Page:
Harry Hems was a master stone sculptor and wood worker who came to Exeter from London to work on the museum building in 1868. On arriving in Exeter he found a ‘lucky horsehoe’ in the street, and kept it as an omen of good luck. He soon developed a thriving business in the city and established a workshop in Longbrook Street. At its peak his firm employed over 100 craftsmen. His workshop still survives in Exeter as Harry’s restaurant, and features his ‘lucky horsehoe’ still hanging over the front door.
Much of Hems’ daily work was to restore medieval churches, and his restoration and replica work can be seen in numerous buildings in Exeter and throughout the country. Through this work he salvaged many pieces of medieval woodwork. He displayed these items in his workshop as inspiration for his craftsmen, as examples of decoration, style and technique.
The Harry Hems collection
Following his death many of his personal belongings were sold. With the assistance of the National Art Collection Fund (now Art fund), RAMM purchased over 480 items from his medieval woodwork collection. The collection includes numerous roof bosses, angels and bench ends, fragments of church screens and font covers, chest panels, a misericord and even a door. Unfortunately no records survive to show where each piece was acquired from, yet it remains one of the largest and most important collections of medieval woodwork held in a museum in Britain.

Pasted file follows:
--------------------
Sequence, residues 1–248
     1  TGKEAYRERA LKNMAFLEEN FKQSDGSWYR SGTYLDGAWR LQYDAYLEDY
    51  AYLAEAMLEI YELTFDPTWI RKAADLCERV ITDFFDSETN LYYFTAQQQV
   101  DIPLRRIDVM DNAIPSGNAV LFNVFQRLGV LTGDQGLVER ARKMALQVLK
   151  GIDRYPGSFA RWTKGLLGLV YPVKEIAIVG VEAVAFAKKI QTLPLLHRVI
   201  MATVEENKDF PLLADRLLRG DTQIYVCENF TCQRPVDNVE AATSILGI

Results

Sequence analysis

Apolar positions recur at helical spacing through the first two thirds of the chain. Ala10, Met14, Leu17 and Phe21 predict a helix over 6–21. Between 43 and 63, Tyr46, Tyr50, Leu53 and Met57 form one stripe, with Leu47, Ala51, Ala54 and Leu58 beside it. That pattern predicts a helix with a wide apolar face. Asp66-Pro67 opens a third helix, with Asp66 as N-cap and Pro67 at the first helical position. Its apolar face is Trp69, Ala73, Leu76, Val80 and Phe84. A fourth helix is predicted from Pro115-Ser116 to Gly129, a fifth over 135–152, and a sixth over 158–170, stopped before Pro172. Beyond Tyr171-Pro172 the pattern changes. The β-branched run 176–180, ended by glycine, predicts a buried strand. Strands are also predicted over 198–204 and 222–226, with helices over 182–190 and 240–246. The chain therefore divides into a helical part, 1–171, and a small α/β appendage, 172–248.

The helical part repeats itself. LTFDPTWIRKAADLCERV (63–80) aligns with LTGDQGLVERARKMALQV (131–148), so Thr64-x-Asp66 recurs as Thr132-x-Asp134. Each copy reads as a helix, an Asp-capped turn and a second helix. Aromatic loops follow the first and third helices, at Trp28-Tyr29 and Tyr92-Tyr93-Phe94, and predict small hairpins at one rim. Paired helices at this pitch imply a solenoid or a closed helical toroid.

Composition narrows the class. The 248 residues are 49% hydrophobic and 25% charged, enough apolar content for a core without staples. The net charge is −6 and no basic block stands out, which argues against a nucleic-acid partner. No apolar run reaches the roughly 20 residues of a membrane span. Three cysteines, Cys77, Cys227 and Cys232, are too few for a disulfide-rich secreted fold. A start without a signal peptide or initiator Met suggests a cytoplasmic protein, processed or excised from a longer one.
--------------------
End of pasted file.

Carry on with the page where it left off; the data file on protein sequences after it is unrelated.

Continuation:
Explore the Hems collection online
There are lots of ways you can learn more about Harry Hems and his collection online:
- A selection from our Hems collections is available online. Why not have a look and leave a comment?
- You can watch a video interview with Alun and Lisa Sands at the Harry Hems Centre
- Learn how to read a church and look for Harry’s handiwork amongst the carvings with Church Detective
- Harry Hems worked on many commissions in Exeter. The Harry Hems trail guides you around a selection of his surviving works. The trail is optimised for tablets and smart phones.